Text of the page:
Fourth, Canada has grown way too much cannabis for their own needs and their current export needs. At last count, Canada had over 100 tons of excess cannabis that they can’t get rid off right now. This leads to depressed prices and many suppliers just trying to get rid of it and get “something” back for their plants. In a way, Canada is just a much bigger version of Oregon’s problems of a few years ago, with a massive oversupply of cannabis that could not be shipped or transported across a state line. Only Canada, is a geographically HUGE country with millions of miles of wilderness and forest to house illegal grow sites, certainly not as easy to police and shut down as it would be in a US state like Oregon.
Right now, due to US financial sway and cannabis laws, Canada is stuck with limited access to international public markets and funding, a huge oversupply of cannabis, and just not enough people to consume it. Competition is fierce among legal retailers, websites, and grey and black-market providers as prices drop and demand slows down. Yes, there are some contracts that allow the bigger, public, Canadian cannabis producers to ship cannabis to places such as German and Israel, but this is just a drop in the bucket needed to fill the demand-side volume needed at this point.
Until US drug laws change around cannabis, leading to UN drug treaty changes, there just want be enough countries on that list to sop up excess Canadian demand from the legitimate market. Keep in mind all these countries that could be good trade partners also have their own marijuana black-markets and with more social acceptance around the plant, black markets are getting bigger and more daring in those places as well. For example, traditionally stringent societies such as Philippines and Thailand are legalizing cannabis for medical conditions as well as allowing all residents to grow it and sell it back to the government.
The other problem is that by the time these laws are changed it may be too late for Canada to become a dominant world player due to labor costs and transportation costs. Many South American and East Asian countries have a long history of growing cannabis and have much lower labor and electrical costs than Canada. The prices of high-quality cannabis to go from Thailand to Australia will be much cheaper than from Canada to Australia down the road. Mexico, Vietnam, Brazil, Argentina, and others will be able to pay works pennies on the dollar to grow and produce cannabis compared to the US and Canada.
As the plant becomes a commodity around the world over the next decade, think tomatoes, lettuce, broccoli, it will much harder for brands and countries to justify a higher price for “their” cannabis. Local markets will have to make up for the difference, and again, competition will be fierce among legal suppliers and gray and black-market suppliers.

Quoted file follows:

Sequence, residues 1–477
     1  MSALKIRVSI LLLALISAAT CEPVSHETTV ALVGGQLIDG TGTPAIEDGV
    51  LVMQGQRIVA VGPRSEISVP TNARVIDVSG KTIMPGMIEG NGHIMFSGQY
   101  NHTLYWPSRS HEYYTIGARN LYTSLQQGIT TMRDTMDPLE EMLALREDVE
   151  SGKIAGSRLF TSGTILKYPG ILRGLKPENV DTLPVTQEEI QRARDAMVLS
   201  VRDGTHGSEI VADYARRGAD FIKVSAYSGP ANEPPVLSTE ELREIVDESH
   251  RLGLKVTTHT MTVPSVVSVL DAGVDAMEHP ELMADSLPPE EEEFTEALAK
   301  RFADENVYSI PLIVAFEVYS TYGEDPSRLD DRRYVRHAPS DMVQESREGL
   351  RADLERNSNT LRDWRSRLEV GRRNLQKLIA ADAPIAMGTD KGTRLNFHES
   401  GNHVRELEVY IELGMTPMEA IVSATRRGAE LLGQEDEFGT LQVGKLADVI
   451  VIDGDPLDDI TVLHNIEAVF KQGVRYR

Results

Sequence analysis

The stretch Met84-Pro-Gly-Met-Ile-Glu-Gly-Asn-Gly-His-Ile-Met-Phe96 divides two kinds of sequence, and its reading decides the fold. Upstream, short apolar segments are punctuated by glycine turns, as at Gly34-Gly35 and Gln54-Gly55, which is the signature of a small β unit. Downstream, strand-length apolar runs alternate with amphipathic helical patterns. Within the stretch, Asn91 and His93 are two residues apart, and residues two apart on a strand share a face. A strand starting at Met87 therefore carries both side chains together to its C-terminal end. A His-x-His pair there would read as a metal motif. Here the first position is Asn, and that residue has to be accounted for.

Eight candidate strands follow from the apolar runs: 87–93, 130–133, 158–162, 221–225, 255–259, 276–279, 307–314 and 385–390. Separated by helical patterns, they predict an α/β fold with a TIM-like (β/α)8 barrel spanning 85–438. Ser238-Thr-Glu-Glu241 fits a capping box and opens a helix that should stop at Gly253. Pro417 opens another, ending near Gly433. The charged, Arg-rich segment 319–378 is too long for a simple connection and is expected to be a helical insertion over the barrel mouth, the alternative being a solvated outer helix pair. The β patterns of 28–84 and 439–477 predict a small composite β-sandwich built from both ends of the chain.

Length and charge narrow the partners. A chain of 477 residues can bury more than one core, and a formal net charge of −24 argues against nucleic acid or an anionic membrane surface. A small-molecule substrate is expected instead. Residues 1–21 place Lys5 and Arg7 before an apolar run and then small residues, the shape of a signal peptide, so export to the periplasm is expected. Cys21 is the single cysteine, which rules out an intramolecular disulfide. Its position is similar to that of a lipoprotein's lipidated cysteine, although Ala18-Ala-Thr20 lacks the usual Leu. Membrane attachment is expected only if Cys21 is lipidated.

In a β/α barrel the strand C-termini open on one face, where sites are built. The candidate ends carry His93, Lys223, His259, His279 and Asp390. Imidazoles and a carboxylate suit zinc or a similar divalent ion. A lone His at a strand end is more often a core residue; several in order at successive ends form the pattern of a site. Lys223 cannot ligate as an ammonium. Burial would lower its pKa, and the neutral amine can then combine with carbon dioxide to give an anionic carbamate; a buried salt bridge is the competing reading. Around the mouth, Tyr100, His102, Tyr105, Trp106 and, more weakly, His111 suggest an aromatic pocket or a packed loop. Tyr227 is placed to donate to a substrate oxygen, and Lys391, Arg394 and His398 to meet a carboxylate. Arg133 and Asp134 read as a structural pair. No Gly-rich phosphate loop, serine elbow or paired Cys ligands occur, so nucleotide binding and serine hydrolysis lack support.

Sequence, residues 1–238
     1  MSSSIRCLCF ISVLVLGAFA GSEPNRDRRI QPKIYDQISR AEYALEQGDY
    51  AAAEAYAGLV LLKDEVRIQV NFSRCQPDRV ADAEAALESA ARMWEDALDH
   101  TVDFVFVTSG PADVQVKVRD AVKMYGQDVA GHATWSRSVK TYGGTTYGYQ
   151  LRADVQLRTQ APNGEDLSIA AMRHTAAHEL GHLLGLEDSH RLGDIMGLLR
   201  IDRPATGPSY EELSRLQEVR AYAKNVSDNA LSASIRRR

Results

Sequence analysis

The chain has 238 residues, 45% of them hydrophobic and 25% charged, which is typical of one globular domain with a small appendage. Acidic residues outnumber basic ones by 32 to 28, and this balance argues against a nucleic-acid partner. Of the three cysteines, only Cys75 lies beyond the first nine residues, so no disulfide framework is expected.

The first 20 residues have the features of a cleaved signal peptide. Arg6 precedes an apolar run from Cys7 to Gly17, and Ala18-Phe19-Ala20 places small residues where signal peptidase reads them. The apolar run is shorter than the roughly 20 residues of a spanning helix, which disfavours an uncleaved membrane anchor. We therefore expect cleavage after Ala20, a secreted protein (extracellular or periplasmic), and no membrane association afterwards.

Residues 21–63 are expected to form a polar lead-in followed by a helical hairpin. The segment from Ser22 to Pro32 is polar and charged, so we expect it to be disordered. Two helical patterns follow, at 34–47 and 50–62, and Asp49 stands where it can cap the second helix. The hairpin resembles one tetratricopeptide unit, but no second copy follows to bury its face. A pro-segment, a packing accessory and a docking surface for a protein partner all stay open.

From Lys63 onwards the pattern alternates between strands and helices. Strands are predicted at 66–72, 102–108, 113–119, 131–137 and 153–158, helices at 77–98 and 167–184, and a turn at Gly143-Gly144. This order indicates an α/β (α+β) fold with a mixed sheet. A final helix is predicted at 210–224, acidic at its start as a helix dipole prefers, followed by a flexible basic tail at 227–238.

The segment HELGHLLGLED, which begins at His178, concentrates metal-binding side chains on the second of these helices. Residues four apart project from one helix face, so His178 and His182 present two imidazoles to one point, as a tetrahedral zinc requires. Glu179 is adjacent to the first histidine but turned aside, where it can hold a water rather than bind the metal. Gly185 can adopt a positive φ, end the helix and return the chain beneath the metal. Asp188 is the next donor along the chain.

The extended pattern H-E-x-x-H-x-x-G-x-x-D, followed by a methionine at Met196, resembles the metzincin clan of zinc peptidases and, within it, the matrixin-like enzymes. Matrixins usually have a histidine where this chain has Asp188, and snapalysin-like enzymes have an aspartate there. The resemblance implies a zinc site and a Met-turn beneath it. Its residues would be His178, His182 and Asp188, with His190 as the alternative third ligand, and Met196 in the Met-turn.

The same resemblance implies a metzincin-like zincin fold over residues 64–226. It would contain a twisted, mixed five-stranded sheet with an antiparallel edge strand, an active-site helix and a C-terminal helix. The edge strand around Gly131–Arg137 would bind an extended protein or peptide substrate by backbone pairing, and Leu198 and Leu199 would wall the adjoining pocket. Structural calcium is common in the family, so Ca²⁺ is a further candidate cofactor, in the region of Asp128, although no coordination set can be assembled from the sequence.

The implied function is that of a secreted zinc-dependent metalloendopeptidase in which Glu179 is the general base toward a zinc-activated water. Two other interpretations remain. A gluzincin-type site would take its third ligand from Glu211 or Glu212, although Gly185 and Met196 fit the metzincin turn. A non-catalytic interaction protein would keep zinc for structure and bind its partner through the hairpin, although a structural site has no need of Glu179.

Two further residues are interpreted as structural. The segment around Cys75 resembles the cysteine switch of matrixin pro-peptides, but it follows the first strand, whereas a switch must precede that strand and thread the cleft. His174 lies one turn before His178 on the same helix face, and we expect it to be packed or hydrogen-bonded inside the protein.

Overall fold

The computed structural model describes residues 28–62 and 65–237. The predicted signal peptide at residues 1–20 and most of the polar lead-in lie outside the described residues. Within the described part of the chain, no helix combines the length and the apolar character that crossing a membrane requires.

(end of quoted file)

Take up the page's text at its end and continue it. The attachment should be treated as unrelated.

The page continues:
Is this all breaking news to Canadians? Not at all, Bruce Linton, former CEO of Canopy Growth, was well aware of these facts and knew he had to “get out of Canada and into America” in order to his is numbers and goals that Wall Street had put on his company.
Will things look better in the future for Canada if the laws change? Not really, bigger whales will enter the market and be able to scale to size quicker than Canada could with full legalization. For example, the US stock market has rough market value of $30 trillion dollars, that money will be unleashed on cannabis once the Federal law changes. The market cap of the Canadian stock market is about $3.2 trillion, so the US alone, not counting the likes of Japan, Germany, and China, is 10x the financial size of Canada.
What can Canada do?
Build a national brand, or national brands, that will command higher prices and consumers will pay more for around the world. In the same way people will pay up for Emerald Triangle weed, consumers need to be taught why Vancouver or PEI cannabis is special and why they should pay a premium for it. Do you like tomatoes or sun grown tomatoes from California? If Canadian brands can build up a quality wall around their cannabis, they will be able to export around the world, just not at the volume they need to make everyone in Canada profitable.
A great example of this strategy is what Jamaica is going to have to do in order to be a world brand. A small Caribbean island has no shot competing with the likes of Mexico, Canada, and the US on volume and shipping, but if you can build out a story around the history of Jamaican weed, Bob Marley, and the dark, volcanic soil that Jamaica grows its cannabis in, well then, you may entice people to pay a premium for cannabis from Jamaica.
Canada may be much larger than Jamaica, but Wayne Gretzky Kush and Seth Rogen’s Houseplant may be your best bets for worldwide market share.